EDMUND PASTON TO SIR JOHN PASTON[148-1]
_To the ryght wurshupfull Sir John Paston, Knyght, be this delyvered._
[Sidenote: Before 1493]
Ryght wurshypfull Sir, I recomawnd me to zow. As zesterday I was with my cosyn Clere;[148-2] he lythe at Borow, and my mastres hys wyveffe,[148-3] be cause the plage reygnyth at Ormysby. And so of hys own mocyon he mevyd to me of the maryage of my nevew zour soon, and as glad foolkes woold be to bargayn as ever ze wyste, and soo hathe shewyd me that ze shuld have as myche as Sir E. Bedyngfelld, whyche was v. C.
marke. Moore over he shewyd that he woold depart with it to Sir Roger T.[148-4] or to Harry Colett, whyche he shewyd ze woold not of, but to have the mony at zour dysposyssyon; and me semys be hys report that he knowyth well that yf ze delle with Sir H. H.,[148-5] he wyll be in a suerte that the mony that he shuld depart with shuld goo to the redemyng of zour landes, and other zowr dawngeres. More over he shewyd me that the mony whyche ze skyftyd of H. Colett was th[oug]ht be Sir Harry H.
that Sir R. Townesend shuld have ben contentte with it, whyche is knowyn the contrary, and causyd hym to geve delay in that be halffe to zow.
I know well this jantylman berythe zow as good mynde as any man alyve, my mastres hys mother,[148-7] and allso my mastres hys wyve in lyeke wyesse; and me semys he makys not the dowghttes to delyver zow hys mony that other men do of the delyverye of thers. Foor trowthe, he shewythe me hys mynde, whyche is thus: yf ze wyll putt lande in feffement for zeres, to the full contentacyon of Townesend, Colett, and of my uncle, whyche he and all men thynke ze muste be charged to, or ever ze goo thorow, and that zour next frendes have the receyte of it tyll it be full contente and payed, thus, or suche a suer weye to be had for the well of all parteys, I darre say he is not alyve wyll indevour hym with better wyll to deele with zow, and, as my mynde servys me, streytte hymsylffe, as it may be booryn, be syde my mastes hys modyrs v. C. My mastres hys wyffe, on my feythe I darr say, the moste harty body to zow wordes in this be halffe that is alyve, and the fayneeste body woold be to have it accomplyshyd.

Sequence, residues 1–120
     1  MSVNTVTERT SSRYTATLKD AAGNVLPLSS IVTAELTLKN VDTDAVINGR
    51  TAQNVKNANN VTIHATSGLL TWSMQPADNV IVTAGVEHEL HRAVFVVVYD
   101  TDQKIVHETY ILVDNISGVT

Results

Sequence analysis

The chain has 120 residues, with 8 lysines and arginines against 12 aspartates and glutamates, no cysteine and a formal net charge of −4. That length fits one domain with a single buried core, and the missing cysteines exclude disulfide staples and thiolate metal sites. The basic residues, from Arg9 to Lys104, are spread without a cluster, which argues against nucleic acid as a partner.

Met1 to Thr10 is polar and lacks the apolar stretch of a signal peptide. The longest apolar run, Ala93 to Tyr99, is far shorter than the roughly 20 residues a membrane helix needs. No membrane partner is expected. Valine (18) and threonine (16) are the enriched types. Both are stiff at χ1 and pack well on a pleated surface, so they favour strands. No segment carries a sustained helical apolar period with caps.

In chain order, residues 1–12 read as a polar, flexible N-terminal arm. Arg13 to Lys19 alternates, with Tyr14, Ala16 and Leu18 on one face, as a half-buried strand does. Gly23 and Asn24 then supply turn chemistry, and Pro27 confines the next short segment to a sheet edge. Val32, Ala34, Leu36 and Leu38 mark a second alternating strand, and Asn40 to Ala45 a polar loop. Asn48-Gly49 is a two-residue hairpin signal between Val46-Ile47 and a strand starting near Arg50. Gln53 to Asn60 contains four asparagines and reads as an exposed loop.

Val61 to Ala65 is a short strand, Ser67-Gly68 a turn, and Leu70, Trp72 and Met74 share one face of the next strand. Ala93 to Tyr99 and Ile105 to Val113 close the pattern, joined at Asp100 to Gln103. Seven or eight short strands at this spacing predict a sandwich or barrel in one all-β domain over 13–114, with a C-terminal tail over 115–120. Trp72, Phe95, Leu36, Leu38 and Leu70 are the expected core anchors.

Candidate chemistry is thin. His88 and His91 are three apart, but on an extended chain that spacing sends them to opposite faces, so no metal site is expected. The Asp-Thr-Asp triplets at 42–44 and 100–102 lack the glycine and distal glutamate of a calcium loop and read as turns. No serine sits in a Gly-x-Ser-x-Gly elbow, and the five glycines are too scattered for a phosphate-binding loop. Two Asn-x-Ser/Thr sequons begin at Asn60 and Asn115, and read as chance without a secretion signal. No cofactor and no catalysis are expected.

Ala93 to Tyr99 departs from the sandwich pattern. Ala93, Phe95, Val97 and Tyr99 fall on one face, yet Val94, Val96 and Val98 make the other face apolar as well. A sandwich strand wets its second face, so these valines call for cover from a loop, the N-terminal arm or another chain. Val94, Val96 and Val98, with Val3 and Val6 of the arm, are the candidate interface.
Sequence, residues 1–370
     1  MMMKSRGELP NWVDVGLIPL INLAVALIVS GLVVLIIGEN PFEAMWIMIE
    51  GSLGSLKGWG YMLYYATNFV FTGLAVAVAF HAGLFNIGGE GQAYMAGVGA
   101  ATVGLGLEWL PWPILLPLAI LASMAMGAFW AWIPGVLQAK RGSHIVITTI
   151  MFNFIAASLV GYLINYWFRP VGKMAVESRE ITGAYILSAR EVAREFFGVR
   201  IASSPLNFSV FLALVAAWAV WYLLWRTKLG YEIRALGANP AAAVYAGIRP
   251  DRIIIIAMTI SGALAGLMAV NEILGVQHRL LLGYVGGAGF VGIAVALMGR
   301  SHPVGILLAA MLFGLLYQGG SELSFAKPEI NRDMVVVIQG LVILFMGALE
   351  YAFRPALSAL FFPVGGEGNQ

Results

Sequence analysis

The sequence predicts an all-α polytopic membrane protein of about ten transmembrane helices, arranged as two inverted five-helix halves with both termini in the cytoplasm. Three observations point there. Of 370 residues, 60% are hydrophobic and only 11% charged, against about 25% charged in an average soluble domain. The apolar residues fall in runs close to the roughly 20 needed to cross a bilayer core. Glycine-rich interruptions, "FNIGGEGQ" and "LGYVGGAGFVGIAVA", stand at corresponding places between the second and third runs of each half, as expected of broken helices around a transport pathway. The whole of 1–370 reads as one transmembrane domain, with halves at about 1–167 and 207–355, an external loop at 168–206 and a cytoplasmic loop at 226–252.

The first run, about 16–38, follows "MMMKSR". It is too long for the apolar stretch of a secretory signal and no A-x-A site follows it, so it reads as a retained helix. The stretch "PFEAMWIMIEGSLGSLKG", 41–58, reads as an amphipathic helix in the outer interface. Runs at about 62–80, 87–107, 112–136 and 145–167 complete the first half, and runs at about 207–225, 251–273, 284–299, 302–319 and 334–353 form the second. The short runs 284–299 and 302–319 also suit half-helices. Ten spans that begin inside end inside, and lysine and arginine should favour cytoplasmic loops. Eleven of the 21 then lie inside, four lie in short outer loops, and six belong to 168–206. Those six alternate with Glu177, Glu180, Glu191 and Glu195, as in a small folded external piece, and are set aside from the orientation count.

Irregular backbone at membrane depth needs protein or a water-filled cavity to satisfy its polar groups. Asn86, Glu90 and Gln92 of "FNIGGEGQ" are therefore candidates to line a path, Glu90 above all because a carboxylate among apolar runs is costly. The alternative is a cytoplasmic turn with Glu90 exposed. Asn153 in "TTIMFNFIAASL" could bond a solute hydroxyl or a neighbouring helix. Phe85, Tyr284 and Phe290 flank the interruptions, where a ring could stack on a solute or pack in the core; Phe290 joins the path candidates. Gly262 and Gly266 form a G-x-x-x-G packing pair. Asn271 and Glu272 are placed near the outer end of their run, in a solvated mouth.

Syr, I thenke ze be to wardes London, and well I woot zowre mynde is to ease zour sylffe as hastely as ze may; I pray God ze do to zour honur, and to zour moste well to gederys.
Marchandes or new jantylmen I deme wyll proferr large; noon other dyspreysed, ze know the contynewance of this man, and how he is alyed.
Well I woott yf ze depart to London, ze shall have proferes large; yf zour jornay be not but to ease yow in that be halfe, be my poor avyce slake for iij. or iiij. days, for ever me semys I shuld not have ben brokyn to so largely, but that they entende it hastely to say to zow.
Sythe I was ther, I undyr stande yf it had not happyd me to have seyne them as zester day, she wold this day have made her cowntenance to have seyn her nes, Bothas (?) dowter, wyche is at Pallynges for fere of the plage, and have comyn seyne [_come and seen_] my wyffve, and specyally to have de syrid us to meve zow towardes them, and in trowthe so she hasse.
I pray God ze do as well to zour honur as I woold do my sylfe. Yf ze wyll tery thys lytell season be foor rehersyd, yf ze lyste, I woott well ze may have the mater moor largely comyned; and yf ze tary tyll Monday, I wyll awayte on zow to Hynengham, with Godes grace, Who ever preserve zow and zours.
[Footnote 148-1: [From Paston MSS., B.M.] This letter cannot be later than the year 1493, as Sir Roger Townsend died on the 9th December in that year (Inq. p. m. 10 Hen. VII., No. 170). Moreover the will of Elizabeth Clere of Ormesby was proved, according to Blomefield, on the 6th March 1492-3. But as Sir John Paston's eldest son was only born in 1478, the date is not likely to be many years earlier.]
[Footnote 148-2: Sir Robert Clere of Ormesby.]
[Footnote 148-3: Probably his first wife Anne, daughter of Sir William Hopton. His second was Alice, daughter of Sir William Boleyn.]
[Footnote 148-4: Townsend.]
[Footnote 148-5: Sir Henry Heydon.]
[Footnote 148-7: Elizabeth, widow of Robert Clere of Ormesby, the father of Sir Robert. She was the daughter of Thomas Owydale, Uvedale, or Dovedale, of Tacolneston, in Norfolk.]
[[Footnote and tag 148-7 _there is no note 148-6: numbering retained for cross-references_]]